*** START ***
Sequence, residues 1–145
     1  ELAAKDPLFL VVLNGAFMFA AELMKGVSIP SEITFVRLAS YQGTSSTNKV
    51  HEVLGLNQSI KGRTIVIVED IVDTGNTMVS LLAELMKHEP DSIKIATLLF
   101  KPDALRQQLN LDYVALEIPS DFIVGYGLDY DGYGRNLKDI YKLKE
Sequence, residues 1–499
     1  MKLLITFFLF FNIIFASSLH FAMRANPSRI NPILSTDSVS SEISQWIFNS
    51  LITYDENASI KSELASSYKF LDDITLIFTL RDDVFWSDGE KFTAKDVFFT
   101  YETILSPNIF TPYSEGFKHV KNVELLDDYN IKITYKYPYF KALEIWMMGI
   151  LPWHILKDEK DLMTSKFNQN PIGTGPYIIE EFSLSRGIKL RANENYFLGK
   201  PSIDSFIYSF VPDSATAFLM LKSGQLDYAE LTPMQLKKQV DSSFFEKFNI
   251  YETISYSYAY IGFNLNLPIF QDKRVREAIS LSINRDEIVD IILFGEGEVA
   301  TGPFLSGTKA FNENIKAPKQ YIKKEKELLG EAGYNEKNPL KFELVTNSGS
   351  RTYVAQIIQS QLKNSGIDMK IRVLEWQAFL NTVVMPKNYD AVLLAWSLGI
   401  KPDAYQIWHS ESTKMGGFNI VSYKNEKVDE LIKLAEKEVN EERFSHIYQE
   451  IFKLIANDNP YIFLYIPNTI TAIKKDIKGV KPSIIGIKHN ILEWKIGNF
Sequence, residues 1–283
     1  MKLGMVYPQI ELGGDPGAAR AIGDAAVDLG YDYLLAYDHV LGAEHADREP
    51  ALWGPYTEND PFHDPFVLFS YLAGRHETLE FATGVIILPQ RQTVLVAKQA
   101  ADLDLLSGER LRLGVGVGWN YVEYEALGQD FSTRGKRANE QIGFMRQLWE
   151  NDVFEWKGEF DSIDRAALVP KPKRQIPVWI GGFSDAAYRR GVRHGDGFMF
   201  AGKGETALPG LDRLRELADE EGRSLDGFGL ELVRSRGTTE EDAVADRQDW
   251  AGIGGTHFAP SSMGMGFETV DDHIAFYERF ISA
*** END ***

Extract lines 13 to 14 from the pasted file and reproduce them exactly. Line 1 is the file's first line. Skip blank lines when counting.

   351  RTYVAQIIQS QLKNSGIDMK IRVLEWQAFL NTVVMPKNYD AVLLAWSLGI
   401  KPDAYQIWHS ESTKMGGFNI VSYKNEKVDE LIKLAEKEVN EERFSHIYQE